Controllers Break Risky Chain of Events in Miami
Thursday, January 29, 2015
(Story first published by FAA Communications)
Quick communication between two controllers at Miami Tower (MIA) last
fall kept two pilots of commercial jets from continuing on a potential
Controller Luke Garner, working the ground
control north position on Oct. 22, 2014, told the pilot of Boliviana 752
(BOL752), a heavy DC-10 cargo carrier, to stop after former MIA
controller and support specialist Ernie Young canceled the takeoff of an
American Airlines Boeing 737-800 (AAL1604). The two planes ended up
being about 1,200 feet apart.?
“An outstanding job was done by
two of MIA's finest,” said MIA FacRep Bill Kisseadoo. “Scanning, good
judgment and quick action led to the saving of hundreds of lives on that
From left to right: Ernie Young and Luke Garner kept two pilots of commercial jets from continuing on a potential collision course because of their quick communication.
The incident occurred during the early-morning traffic push. Young had just plugged in for a shift on local control north.
Following its landing, Garner instructed BOL752 to turn right on Mike taxiway and hold short of 8R at Mike 11. The pilot read back the clearance correctly and acknowledged the instructions. Young cleared AAL1604 for takeoff on runway 8R while simultaneously scanning the runway. During his scan, Young noticed that BOL752 had an unusual angle and speed of taxi on one of the parallel taxiways to 8R. He relayed that to Garner who, while also scanning, noticed that BOL752 was about to enter 8R and immediately transmitted, “BOL752 HOLD YOUR POSITION, STOP, STOP, STOP, STOP, STOP.”
BOL752 stopped but not before penetrating the 8R hold short bars at taxiway Mike 5. Young immediately cancelled the takeoff clearance for AAL1604, which then successfully aborted its takeoff roll after accelerating to approximately 100 knots and within 1,200 feet of BOL752.
When Mr. Garner and Mr. Young first noticed the ‘odd’ angle of taxi, BOL752 had not yet infringed on runway 8R. However, based on experience and training, both controllers decided to take quick preemptive action.
“I saw the DC-10 taxiing,” Young said. “I thought he was going to the north side of the airport, which is where one of our maintenance facilities is.” But then Young noticed the DC-10 angling toward the runway at one of the airport’s five hotspots, where traffic conflicts are more likely to occur. It also was traveling at an unusual speed.
Young made a comment to that effect, and Garner reacted to it. “I recognized that was not the place where he was supposed to cross the runway,” Garner said of the cargo jet. He told the pilot to stop and turn right.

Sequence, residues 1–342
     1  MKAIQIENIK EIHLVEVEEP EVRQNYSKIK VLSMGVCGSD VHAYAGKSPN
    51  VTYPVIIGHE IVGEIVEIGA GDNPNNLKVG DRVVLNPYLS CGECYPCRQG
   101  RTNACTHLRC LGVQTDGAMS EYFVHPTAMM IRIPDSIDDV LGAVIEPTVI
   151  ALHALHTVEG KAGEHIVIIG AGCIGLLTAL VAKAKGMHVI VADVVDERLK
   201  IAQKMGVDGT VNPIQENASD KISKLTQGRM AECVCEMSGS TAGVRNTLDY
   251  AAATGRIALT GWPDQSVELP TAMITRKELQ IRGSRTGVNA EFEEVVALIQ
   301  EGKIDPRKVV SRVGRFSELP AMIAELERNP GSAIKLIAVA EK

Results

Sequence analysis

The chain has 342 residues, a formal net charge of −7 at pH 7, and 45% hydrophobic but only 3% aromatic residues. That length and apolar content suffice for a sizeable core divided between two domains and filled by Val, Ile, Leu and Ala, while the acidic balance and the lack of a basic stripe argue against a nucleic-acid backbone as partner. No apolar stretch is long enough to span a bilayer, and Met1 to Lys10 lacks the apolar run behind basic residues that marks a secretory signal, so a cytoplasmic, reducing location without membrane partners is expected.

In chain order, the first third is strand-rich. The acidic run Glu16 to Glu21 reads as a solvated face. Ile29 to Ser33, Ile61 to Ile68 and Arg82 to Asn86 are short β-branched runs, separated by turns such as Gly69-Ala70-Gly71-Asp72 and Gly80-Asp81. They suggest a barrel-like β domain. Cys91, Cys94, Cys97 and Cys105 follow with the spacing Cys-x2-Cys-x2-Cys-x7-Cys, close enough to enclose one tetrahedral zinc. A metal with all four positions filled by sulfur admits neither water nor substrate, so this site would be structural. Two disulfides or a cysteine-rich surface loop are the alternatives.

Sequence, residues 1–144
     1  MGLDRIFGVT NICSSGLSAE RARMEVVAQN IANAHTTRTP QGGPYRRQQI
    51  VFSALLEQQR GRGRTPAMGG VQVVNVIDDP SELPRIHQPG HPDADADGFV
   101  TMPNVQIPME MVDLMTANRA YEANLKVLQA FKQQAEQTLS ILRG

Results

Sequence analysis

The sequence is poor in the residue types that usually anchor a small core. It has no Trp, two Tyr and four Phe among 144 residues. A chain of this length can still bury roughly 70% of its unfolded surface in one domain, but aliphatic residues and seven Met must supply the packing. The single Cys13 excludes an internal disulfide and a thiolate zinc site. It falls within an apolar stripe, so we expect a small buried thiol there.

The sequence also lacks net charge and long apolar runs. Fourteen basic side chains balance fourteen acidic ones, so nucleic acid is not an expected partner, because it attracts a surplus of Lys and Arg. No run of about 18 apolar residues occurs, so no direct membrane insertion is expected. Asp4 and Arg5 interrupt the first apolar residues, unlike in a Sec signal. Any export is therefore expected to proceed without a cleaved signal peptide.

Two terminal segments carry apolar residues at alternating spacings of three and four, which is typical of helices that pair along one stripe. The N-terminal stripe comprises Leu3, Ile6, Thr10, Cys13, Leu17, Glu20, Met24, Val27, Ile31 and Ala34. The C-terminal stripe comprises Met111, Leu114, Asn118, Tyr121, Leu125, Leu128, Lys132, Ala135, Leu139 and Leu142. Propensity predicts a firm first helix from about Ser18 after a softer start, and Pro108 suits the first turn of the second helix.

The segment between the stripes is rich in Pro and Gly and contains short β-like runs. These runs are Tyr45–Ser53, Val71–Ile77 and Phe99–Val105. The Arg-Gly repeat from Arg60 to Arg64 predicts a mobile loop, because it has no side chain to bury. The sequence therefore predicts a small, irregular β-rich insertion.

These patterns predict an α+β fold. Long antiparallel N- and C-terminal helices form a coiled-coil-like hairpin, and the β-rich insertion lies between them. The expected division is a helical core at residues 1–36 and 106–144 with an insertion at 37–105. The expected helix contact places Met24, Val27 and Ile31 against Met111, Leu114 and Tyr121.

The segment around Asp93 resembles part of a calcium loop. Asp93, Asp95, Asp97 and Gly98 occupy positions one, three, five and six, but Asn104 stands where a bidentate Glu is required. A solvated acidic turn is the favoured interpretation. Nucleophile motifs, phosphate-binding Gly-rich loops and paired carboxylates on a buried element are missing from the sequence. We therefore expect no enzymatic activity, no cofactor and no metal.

Young also canceled the American plane’s takeoff even though it had begun to roll. The airport surface detection equipment in the tower sounded as he canceled the takeoff, a technological confirmation that they had made the right call to stop the planes.
“We were able to correct the situation before the electronic safety systems activated,” Garner noted. “There’s really no substitute for training air traffic controllers to look out the window and recognize an unsafe situation.”
Garner’s quick response to Young’s comment about the DC-10 demonstrated the importance of communication in the operating quarters, Young added. “If it were not for me hearing him stop the DC-10,” he said, “I would not have known that anything was wrong until the DC-10 penetrated the runway surface and the ASDE-X alerted. Those precious seconds were the difference in this story.”
The passenger jet was traveling about 115 miles per hour when Young intervened. “The flight crew did a great job,” Garner said. “[The pilot] obviously applied the brakes, and there was a lot of smoke. They had to let the brakes cool, and then they went back to the gate.”
American Airlines sent a note to the tower to “express its gratitude for the quick actions taken by one of your ground controllers recently. It is good to know that your team is keeping a sharp eye out for all of our safety.”
The DC-10 penetrated the hold-short bars to the runway during the incident. “This is probably the most potential for a negative outcome that I’ve seen,” Garner said.
Both controllers remained calm while responding to the situation, but Garner said “in the minute or two immediately following, it certainly gets the adrenaline pumping.”
“I’ve seen some close calls, but that’s probably the closest,” added Young, who wasn’t sure whether the American pilot was going to continue the departure. “Another five seconds or so and he would have been committed to depart.”
Added Kisseadoo: “We know it's all a part of the job, but their positive impact to safety on that day cannot be understated! We are proud of their professionalism and attention to detail. Congratulations for a job well done Luke Garner and Ernie Young!”
Miami Tower incorporated Garner and Young’s practices into facility training briefings for the benefit of other controllers.
“Their situational awareness and immediate intervention to break the chain of events prevented what in all likelihood would have resulted in a very high-risk runway incursion at best or a potential accident,” Air Traffic Manager Juan Fuentes said, adding that Garner and Young did their jobs “exceedingly well” that day.